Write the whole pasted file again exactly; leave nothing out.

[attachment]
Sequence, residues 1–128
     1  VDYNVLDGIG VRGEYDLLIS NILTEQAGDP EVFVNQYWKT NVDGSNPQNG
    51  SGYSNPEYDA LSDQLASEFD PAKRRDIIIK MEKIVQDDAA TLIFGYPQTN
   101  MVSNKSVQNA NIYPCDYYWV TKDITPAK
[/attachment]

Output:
Sequence, residues 1–128
     1  VDYNVLDGIG VRGEYDLLIS NILTEQAGDP EVFVNQYWKT NVDGSNPQNG
    51  SGYSNPEYDA LSDQLASEFD PAKRRDIIIK MEKIVQDDAA TLIFGYPQTN
   101  MVSNKSVQNA NIYPCDYYWV TKDITPAK